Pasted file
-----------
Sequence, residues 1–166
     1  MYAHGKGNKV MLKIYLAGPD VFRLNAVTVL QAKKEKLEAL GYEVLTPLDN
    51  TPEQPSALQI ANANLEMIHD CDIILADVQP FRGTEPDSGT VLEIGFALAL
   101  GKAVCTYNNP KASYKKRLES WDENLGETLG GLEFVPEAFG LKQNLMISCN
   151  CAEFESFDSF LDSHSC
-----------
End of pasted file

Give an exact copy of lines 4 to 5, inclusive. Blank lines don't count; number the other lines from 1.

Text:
   101  GKAVCTYNNP KASYKKRLES WDENLGETLG GLEFVPEAFG LKQNLMISCN
   151  CAEFESFDSF LDSHSC